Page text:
Just over a year ago I visited Nepal with local fashion designer and friend Laura Queening. Laura set up the fair trade fashion label Aura Que in 2008. L-AuraQue-ening. Get it?
I’ve known Laura since school but I knew very little of her business trips to Asia other than that they involved her being abroad for three months and returning with a good tan. When I showed an interest in travelling out to see her, with free accommodation and Laura’s local knowledge thrown into the deal, I decided that a trip to Kathmandu to find out more was in order! Whilst there, I biked round the suburbs of Kathmandu visiting different suppliers and learnt more about how the Aura Que business operates. It became clear how the sketches Laura had been working on during bus and plane journeys transformed themselves, like pieces of a jigsaw, into the finished product.
Following her experience teaching English in a Nepali village, Laura chose to set up business in Nepal to support fair employment for local people, and it was clear on my visit that Aura Que’s ethical priority is the people involved. The bags are manufactured at the Nepali Leprosy Trust (NLT) where I met many of the workers. Leprosy is a stigmatised disease associated with poverty, meaning those impaired or disabled by leprosy tend to be among the poorest of the poor. The NLT provides employment and opportunities for those affected.
Doing business in Nepal isn’t always straightforward. On my visit we were initially unable to enter the country for three days due to a national strike which shut all businesses and blocked all roads. For me, three days at a border hotel in northern India was a bit frustrating, but if you’re running an international fashion business with meetings, deadlines and stock orders, such a set back has far greater consequences. While we were stuck in a hotel waiting for the border to open, I asked Laura if this kind of thing annoyed her. “It’s just a part of working in Nepal” she said, and she’s right. Strikes are just one additional obstacle that Laura has overcome in setting up a successful fair trade fashion label outside the UK. Shipping stock, ensuring quality levels are maintained and sourcing materials ethically in a culturally different environment has, as Laura put it to me, ‘kept her on her toes’.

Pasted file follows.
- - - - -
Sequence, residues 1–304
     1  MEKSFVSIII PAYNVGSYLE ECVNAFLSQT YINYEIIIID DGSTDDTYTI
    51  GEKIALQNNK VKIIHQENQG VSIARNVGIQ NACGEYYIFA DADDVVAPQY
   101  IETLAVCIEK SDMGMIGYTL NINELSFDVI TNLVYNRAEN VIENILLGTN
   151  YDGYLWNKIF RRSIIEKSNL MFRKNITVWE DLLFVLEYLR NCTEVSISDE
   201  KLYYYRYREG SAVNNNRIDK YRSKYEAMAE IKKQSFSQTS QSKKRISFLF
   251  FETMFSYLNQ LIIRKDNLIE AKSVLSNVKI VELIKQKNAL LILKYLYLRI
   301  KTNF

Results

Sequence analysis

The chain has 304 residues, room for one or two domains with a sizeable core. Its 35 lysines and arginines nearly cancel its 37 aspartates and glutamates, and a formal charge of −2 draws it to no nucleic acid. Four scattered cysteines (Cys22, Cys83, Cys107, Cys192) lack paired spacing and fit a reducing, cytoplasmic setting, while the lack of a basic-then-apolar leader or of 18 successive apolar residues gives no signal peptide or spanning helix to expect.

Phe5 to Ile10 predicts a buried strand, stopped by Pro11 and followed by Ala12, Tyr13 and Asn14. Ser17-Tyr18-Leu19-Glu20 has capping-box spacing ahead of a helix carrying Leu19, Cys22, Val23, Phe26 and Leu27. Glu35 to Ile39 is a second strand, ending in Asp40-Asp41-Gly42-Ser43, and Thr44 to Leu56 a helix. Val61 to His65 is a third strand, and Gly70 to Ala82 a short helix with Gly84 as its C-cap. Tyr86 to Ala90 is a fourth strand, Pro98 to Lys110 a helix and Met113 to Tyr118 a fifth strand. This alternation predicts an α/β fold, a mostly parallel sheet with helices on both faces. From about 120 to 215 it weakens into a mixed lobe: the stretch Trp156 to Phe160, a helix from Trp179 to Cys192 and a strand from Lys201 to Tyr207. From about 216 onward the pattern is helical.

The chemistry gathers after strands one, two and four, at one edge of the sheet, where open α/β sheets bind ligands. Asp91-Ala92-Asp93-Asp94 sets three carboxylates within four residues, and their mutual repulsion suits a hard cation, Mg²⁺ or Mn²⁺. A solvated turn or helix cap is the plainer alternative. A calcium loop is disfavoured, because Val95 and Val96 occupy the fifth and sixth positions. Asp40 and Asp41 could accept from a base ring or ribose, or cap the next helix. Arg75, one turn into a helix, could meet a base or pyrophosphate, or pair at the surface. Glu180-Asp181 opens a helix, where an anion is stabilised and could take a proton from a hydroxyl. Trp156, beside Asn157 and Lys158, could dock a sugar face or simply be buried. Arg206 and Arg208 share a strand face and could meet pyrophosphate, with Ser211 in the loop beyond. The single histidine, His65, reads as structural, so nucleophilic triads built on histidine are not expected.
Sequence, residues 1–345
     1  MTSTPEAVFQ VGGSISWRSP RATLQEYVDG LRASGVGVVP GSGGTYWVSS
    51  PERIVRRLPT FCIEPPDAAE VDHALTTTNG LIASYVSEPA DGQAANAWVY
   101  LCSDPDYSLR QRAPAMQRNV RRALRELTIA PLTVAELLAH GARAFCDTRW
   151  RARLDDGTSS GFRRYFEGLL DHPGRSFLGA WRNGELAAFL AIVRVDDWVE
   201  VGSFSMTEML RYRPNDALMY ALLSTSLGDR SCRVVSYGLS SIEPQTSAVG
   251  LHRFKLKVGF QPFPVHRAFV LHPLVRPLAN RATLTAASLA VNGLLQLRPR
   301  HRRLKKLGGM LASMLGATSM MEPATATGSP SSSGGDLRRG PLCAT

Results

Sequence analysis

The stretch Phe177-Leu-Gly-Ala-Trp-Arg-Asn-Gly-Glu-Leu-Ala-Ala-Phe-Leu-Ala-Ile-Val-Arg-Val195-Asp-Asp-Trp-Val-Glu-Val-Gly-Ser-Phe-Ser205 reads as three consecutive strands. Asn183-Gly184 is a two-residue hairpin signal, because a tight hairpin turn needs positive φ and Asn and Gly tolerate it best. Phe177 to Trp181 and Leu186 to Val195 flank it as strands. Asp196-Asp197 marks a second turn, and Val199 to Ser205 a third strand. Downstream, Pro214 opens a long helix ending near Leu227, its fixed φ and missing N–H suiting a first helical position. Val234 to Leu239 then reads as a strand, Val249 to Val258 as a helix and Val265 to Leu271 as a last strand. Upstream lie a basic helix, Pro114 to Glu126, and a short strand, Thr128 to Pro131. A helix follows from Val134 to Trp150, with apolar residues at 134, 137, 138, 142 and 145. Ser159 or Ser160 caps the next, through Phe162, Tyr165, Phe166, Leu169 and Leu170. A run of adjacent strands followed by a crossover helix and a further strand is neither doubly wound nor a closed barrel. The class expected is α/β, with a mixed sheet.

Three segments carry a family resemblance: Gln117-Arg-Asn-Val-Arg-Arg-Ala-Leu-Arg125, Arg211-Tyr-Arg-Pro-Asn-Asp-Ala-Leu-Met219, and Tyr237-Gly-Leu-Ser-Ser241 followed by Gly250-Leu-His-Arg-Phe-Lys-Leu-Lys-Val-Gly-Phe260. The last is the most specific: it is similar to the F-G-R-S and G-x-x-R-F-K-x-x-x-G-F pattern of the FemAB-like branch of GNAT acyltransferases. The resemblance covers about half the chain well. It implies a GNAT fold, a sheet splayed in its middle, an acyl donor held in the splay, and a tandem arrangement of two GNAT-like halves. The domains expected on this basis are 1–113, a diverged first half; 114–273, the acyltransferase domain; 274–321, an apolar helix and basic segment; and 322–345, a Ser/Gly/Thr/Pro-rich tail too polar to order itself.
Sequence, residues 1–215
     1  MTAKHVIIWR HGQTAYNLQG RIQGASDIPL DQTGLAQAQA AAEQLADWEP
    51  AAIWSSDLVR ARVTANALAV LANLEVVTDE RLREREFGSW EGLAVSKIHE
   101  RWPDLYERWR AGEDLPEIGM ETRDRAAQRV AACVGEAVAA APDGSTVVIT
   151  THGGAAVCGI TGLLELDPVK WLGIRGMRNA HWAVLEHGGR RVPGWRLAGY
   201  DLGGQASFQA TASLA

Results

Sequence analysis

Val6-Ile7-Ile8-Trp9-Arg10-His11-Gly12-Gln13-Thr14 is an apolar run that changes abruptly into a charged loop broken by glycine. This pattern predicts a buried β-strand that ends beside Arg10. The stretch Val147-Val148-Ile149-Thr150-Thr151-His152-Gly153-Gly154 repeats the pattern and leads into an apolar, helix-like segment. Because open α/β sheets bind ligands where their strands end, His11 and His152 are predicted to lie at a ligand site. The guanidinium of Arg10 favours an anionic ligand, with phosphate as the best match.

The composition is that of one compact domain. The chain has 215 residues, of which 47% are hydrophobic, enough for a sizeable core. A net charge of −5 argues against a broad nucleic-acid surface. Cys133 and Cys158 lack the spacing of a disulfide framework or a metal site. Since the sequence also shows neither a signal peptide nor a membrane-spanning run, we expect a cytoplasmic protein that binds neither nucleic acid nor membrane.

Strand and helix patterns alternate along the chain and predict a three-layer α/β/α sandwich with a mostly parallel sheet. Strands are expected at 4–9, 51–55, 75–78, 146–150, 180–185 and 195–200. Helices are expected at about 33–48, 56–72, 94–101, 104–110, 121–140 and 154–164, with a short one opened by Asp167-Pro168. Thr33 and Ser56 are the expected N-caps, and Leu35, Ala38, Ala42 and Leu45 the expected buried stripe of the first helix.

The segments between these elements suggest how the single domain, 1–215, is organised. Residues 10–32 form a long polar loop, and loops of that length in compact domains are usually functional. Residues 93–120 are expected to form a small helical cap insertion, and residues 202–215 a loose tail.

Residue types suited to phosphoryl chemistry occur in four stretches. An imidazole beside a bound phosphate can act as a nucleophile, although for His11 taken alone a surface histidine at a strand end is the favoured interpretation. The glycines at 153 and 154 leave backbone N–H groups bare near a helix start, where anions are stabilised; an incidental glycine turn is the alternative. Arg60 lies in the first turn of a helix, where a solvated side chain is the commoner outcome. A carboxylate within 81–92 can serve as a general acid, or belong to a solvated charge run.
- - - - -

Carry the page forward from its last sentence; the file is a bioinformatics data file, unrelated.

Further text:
The NLT’s manufacture is the final part of the production process. The materials themselves are sourced from small suppliers and individuals. Take the bag below for example
This is where it comes from… Leather – The leather is from buffalo like those we passed on the bus as we travelled through the lowlands of southern Nepal. We carried some with us on our journey overland from Delhi – from the tannery to the NLT…it was heavy. Banana fibre – What looks like wool on the front of the bag is actually banana fibre pruned from the root of the banana tree. I visited the place where they dye this fibre – a small dye plant at the back of a building. The issue Laura was having at the time was making sure they got the dye colours exactly right. It took Laura’s best Nepali, but she got there! Brass fittings – Brass fittings are made by hand by a local man, Mr Rizal, whom I met. He was sitting outside his family’s house in a little self-constructed workshop area moulding the metal with his hammer when we arrived.
Laura puts together high quality fashion products while maintaining a direct and personal link with the people involved in every aspect of each bag’s production. I was fortunate enough to get to meet the people that are being supported by Aura Que, but to find out about more without making the trip to Asia, take a look at the website http://www.auraque.com / or pop into The Fair Traders Co-operativethe Fairtrade shop where Aura Que bags are on display. You can also buy Aura Que bags online via The Fair Traders Co-operative at www.thefairtraderscooperative.co.uk.
Thank you to member Nick Batty for this post.